In Britain it is the season for political party conferences, and the Conservatives’ conference this autumn provided clues about the tenor and trajectory of their policies.
Long before her ascension to the premiership, Theresa May challenged the Tories that they were known as the “nasty party”.
David Cameron’s leadership had tried to remove that stain from their reputation, and to some degree succeeded.
His ‘acceptable face’ of Toryism, at ease with itself, the natural party of government, embraced the modern Britain: multiracial, gay-friendly, reforming.
Much of this was rhetoric, a ruse to gain power, but with Theresa May’s rise, even this façade is being transformed.
On the positive side, May’s centrist regime marks a retreat from Cameroonian friendliness toward international capitalism.
The neo-liberal compromise of his era is being dismantled. Thatcherite suspicion of the state, will be replaced, at least in May’s mind, with a recognition that the state can actually do some good.
In this respect, as the daughter of an Anglican Vicar, May represents the ideals of Old Toryism: noblesse oblige: the sense of duty, as well as privileges.
H olding her fire, while the globalisers held court in Downing Street, she now embodies a reaction against laissez faire capitalism.
A supporter of ‘Remain’, herself, she realises how the wind is blowing; and, partly from conviction, partly from convenience, she places herself at the head of a reactionary army.
She will support tariffs, to protect British industry; while trying to minimise those duties which the European Union will try to place on the UK’s imports.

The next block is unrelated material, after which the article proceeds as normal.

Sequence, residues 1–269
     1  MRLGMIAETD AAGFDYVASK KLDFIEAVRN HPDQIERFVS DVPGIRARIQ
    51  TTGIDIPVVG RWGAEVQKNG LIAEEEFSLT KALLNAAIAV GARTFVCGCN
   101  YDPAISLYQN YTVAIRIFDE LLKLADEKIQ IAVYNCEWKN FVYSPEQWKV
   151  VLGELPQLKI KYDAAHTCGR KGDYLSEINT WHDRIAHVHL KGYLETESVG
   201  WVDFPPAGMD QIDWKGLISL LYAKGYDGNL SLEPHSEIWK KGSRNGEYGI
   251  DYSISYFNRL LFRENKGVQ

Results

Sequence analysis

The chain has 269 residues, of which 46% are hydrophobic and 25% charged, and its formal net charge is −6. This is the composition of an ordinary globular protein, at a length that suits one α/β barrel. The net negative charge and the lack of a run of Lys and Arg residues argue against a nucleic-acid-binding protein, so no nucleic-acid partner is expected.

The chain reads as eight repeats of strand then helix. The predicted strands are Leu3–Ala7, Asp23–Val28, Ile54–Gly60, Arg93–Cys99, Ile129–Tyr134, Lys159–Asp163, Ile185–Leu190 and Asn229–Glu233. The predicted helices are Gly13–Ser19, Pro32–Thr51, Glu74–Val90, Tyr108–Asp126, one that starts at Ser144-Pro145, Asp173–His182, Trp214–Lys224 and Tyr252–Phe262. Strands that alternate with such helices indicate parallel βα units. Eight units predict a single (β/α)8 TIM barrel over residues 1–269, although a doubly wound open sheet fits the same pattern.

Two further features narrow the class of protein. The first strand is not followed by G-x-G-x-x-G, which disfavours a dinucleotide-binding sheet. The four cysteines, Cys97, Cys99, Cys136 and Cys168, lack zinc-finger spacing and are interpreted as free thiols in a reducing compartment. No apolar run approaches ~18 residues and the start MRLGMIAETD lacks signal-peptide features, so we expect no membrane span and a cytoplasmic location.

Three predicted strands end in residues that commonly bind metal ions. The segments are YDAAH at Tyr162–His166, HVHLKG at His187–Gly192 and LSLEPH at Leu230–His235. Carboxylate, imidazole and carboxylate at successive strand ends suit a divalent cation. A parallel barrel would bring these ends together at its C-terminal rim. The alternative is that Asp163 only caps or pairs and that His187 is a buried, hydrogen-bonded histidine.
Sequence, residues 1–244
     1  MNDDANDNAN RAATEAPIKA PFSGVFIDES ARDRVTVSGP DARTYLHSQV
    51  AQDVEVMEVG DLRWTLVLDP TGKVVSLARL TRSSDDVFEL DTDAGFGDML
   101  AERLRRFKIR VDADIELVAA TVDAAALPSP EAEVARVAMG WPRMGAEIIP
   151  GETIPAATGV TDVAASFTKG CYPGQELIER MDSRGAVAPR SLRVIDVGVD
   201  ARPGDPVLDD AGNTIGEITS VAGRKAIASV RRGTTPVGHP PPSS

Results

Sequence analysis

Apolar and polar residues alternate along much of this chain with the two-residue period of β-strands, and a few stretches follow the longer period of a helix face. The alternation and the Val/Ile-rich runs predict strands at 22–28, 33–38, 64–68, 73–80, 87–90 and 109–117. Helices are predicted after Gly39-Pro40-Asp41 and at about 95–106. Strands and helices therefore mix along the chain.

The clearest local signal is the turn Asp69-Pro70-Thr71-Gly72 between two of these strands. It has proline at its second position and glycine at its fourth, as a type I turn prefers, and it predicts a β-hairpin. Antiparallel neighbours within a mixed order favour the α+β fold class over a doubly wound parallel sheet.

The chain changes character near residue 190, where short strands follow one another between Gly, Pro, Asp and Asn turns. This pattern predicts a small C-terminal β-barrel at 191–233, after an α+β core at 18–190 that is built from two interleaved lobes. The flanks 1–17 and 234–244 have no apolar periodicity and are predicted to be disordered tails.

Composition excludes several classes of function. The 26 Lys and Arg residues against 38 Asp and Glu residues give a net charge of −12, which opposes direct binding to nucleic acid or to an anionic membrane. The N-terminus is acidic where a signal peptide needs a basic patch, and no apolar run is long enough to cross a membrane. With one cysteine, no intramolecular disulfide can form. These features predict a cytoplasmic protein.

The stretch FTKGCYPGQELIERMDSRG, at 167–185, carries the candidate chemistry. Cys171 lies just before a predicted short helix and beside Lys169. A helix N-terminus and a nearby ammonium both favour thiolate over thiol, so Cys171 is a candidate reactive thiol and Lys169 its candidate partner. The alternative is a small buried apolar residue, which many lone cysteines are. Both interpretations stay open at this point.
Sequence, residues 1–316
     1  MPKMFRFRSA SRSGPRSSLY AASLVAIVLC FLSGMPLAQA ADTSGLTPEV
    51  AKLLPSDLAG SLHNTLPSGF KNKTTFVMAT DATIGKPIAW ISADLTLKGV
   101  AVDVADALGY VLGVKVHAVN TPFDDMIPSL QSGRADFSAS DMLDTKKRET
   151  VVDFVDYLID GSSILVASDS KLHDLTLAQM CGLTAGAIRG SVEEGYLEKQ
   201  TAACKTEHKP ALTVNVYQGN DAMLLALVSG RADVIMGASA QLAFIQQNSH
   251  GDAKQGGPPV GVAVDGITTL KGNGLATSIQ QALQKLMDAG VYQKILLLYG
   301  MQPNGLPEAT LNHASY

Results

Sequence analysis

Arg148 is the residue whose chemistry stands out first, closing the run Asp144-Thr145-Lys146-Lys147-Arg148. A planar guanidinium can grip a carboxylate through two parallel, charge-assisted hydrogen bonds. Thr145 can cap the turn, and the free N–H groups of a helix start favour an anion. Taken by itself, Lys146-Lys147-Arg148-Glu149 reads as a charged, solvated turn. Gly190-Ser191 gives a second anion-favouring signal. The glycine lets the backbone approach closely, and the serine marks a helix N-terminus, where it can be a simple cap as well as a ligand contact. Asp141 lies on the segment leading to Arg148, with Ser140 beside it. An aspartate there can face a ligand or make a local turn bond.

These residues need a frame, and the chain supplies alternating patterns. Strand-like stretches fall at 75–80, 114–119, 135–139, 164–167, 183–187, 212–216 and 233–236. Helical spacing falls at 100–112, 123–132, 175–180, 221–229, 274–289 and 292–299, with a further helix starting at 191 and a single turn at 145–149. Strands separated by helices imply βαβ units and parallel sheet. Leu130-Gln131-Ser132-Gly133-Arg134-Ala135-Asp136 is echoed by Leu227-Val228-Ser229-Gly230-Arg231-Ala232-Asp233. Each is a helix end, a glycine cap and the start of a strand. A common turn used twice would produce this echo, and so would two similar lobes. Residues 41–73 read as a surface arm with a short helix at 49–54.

But it is her attitude to immigration, to foreigners, in particular, that the delineaments of her ‘Little Englander’ mentality become apparent.
She is proposing to limit the numbers of foreign students who come to study in Britain; even though few people see these, temporary, incomers as dangerous migrants.
Secretary of state, Jeremy Hunt, has joined the hue-and-cry, suggesting that foreign doctors in the National Health Service should be forced out, to be replaced by national, British-born, staff.
Meanwhile, Home Secretary, Amba Rudd called for sanctions against firms which employed too many foreign workers.
These policy proposals appear to have been floated, to discover the public’s reaction, and thereby discern what direction to take government policies.
But such ‘blue sky thinking’ also reveals their hidden agenda, their unspoken assumptions: that they might even consider such retrogressive steps.
It is also a case of cutting off our noses to spite our faces. Our economy, and health service, for example, depend on foreign-born workers.
London, in particular, will lose out immensely, as it depends on its situatedness in the global flows of migration, to maintain its advantage and attraction in the international market-place.
And it is not only the Conservative Party lashing out against the outsider. The Labour Party too has its own internal problems of anti-semitism.
As the international situation worsens, blame will be attached to minority groups, and it will evermore be the case that any party may risk becoming another “nasty party”.
(Photos: Pixabay and Wixipedia)